Meeting Bison
When our local zoo was host to a pair of male bison, I could not resist the opportunity to observe them in the waking world. I had dreamt of them thundering across the plains. I had dreamt of running with them in buffalo skin and walking among them with human feet. At difficult periods in my life, I called on their strength to aid me in putting one foot ahead of the other, to keep moving forward no matter what was coming at me.
            But I had never seen one in person.
I went to the zoo every week, sitting outside their pen. I told them stories about their European ancestors, the ancient aurochs. I thanked them for the generations of bison who have been feeding and sheltering humanity. I told them about the bison cave drawings in Altamira, Spain that date to 12,000 BC. I told them about the drawings in the Niaux Cave of France. Mostly, after a while, I sat in silence, trying to become part of their landscape, more than a mere tourist.
I felt their strength in the sound of their footfall and saw intelligence in their dark eyes, with their beautiful lashes. When the older male looked at me, it was not with a dull gaze. He was observing as much as I was. Despite their girth, there is a grace in the way they graze the grasses. The older male began to greet me at the fence when I arrived. When I went with my visiting mother, we were in the adjacent goat pen. I turned around to find my bison friend’s face inches from mine, where he had stuck it through a hole.

Bison in the Wild
Bison are even-toed ungulates, which are animals that hold their body weight on the tips of their toes while in motion. They are usually hooved. Others among the diverse group of ungulate mammals are the rhinoceros, zebra, camel, alpaca, warthog, pig, hippopotamus, giraffe, deer, elk, moose, caribou, reindeer, gazelle, antelope, yak, auroch, sheep, goat, oryx, and musk ox.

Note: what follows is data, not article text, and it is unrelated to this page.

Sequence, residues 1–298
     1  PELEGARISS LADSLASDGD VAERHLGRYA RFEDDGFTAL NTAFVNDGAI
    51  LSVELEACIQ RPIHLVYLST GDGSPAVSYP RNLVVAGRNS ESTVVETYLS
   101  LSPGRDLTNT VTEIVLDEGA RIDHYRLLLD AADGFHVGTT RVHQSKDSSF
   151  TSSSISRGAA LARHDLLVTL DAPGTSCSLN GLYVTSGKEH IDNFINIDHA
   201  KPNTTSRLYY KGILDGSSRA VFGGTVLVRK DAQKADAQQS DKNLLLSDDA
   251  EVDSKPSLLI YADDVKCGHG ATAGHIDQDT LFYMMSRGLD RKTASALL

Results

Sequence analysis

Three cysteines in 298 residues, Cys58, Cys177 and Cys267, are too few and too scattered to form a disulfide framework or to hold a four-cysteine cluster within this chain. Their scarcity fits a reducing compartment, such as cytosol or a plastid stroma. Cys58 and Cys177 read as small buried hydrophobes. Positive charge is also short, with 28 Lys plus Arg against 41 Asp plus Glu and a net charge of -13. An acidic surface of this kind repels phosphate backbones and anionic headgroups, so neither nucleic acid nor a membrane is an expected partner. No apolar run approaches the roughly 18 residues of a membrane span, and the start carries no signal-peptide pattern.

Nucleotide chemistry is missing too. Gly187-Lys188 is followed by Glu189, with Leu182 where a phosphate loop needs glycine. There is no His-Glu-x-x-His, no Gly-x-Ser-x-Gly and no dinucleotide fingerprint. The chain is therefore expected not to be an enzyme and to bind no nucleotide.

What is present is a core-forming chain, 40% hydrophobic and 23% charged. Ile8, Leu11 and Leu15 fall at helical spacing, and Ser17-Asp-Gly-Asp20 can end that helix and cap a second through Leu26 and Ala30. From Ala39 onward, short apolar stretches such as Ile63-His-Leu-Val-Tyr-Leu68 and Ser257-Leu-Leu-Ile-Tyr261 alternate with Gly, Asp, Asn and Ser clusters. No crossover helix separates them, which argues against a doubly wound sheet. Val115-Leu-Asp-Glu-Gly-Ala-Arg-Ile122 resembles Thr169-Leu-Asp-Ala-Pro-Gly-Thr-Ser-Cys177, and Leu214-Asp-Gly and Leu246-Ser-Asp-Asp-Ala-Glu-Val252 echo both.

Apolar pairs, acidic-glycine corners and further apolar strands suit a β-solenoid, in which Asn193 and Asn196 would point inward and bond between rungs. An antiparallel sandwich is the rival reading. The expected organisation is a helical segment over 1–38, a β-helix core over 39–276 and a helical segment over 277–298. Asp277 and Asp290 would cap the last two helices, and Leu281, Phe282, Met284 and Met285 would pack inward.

The bison and the buffalo are both animals of the Bovidae family, but the bison is of the genus Bison, while the buffalo is of the genus Syncerus. They are related, but they are not the same creature. Their genes diverged 5 to 10 million years ago. Still, as we called them buffalo before their genus was determined, it is acceptable to refer to them by either name. There are two living species, the American bison, composed of plains bison and wood bison, as well as the European bison. There were four other known bison species that are now extinct.
Bison are the largest terrestrial animals in North America, weighing up to 2,000 pounds. The nomadic grazers travel in a large herd during the reproductive season from June to September. Otherwise, the females travel in their own herd with the young, including males under three years of age. The adult males travel together in a smaller herd; a bull seldom travels alone.
Both the male and female bison have horns, and are good swimmers, crossing rivers over a half-mile wide. Bison enjoy wallowing in small shallows of dirt or mud. They can appear peaceful and unconcerned, but they are unpredictable in temperament. Without warning they might launch into an attack. They can cover large distances at a gallop of up to 35 mph. Bison are most dangerous during mating season, when the older bulls rejoin the herd, hormones are high, and fights occur.